ach year, dozens of performers are booked to play the Philadelphia Folk Festival, but probably less than a quarter of them make it onto the main stage. Several smaller stages dot the grounds at which most performers (including the main stage headliners) can be found throughout the weekend doing workshops, "theme" sets with peers whose music is similar or in some cases a distinct counterpoint. These "mix and match" sessions are often very entertaining.
While walking down to the main stage area on a bright, sunny, flawless Saturday afternoon, the Camp Stage hosted a Philly-area singer/songwriter finishing up his set doing Ben E. King's classic R & B hit "Stand By Me." It brought to mind once again the question that crosses just about everyone's mind at some point at events like Philly Folk: what is folk music, anyway?
If a pop song from a half-century ago is fair game at a "folk festival," what isn't? And truth be told, if you cruise the campground late at night you'll hear all Beatles jam sessions, and undoubtedly at some point someone will launch into "Stairway To Heaven."
Many in the current folk music business will tell you, that's exactly the point. If it's a song that people like to play and sing together on their own, well, that's "folk music" more or less by definition. Still, there are some who will grumble "that ain't folk music" in much the same way many of the purists were muttering in the 90s about Alison Krauss, "that ain't bluegrass."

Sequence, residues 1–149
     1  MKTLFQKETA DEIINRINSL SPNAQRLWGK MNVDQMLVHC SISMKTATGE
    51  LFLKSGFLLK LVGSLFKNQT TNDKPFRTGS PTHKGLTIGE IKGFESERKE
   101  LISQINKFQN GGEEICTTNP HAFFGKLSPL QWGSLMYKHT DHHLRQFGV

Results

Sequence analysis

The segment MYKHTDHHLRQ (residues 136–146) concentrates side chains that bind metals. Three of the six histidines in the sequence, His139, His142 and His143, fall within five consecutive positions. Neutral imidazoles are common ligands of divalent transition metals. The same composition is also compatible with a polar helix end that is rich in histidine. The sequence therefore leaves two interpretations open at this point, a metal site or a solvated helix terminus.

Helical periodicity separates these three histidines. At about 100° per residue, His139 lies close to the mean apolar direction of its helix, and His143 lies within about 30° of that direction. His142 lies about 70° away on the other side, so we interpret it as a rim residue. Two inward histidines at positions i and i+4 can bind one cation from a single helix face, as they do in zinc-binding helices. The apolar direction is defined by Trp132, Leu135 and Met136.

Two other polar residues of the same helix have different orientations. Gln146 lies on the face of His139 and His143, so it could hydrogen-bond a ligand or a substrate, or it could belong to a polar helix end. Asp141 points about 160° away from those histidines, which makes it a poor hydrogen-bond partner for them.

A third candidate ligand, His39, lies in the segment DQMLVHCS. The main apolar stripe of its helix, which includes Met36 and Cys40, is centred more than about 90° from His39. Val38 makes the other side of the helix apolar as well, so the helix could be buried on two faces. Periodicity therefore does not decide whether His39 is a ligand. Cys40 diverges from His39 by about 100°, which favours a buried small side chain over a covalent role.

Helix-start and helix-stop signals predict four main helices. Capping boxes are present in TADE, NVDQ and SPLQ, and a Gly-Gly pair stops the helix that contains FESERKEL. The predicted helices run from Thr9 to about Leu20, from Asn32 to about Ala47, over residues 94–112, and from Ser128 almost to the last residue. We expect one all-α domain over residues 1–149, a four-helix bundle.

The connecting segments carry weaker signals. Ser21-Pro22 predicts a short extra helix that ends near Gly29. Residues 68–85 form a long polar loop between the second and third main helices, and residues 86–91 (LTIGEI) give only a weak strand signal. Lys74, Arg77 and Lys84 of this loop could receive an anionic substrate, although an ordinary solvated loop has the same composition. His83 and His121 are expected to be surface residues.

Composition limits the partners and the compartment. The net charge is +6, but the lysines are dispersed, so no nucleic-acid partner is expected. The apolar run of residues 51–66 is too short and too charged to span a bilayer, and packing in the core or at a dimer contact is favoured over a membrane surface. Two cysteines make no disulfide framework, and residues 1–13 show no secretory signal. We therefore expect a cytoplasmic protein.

You just can't please everybody, but one of the hallmarks of Philly Folk over the years is their ongoing "big tent" approach and include a wide a variety and diversity of music as possible. Just ask anyone who saw the Tuvan throat singers a few years back.
Saturday's main stage ran straight through from 4 p.m. to midnight with the Gibson Brothers (reigning IBMA Entertainers of the Year) playing a well-received set, proving once again that dyed-in-the-wool folkies do appreciate top shelf bluegrass when they hear it. Cape Breton fiddle legend Natalie MacMaster returned to the festival after an absence of several years during which, as she gleefully told the crowd, she got married and had six kids. She's still among the most sensational acts around.
Folk icon Janis Ian did her set solo, with the notable exception of calling Australian guitarist extraordinaire Tommy Emmanuel on stage to back her up on "At Seventeen," her groundbreaking hit single from the late 1960s. (Who among us recalls that along with Randy Newman, she was one of the musical guests on the first "Saturday Night Live" show back in 1975?) And in his own set, Emmanuel charged up the crowd with tributes to Doc Watson and Merle Travis.
Upcoming highlights for Sunday include Sarah Jarosz, the Steep Canyon Rangers (without Steve Martin, unless there's a surprise in the works, Loudoun Wainwright III (maybe he'll go back 40 years and treat the crowd to "Dead Skunk") and the Orpheus Supertones, an old time band that includes onetime Highwoods String Band banjo and fiddle ace Walt Koken. Stay tuned.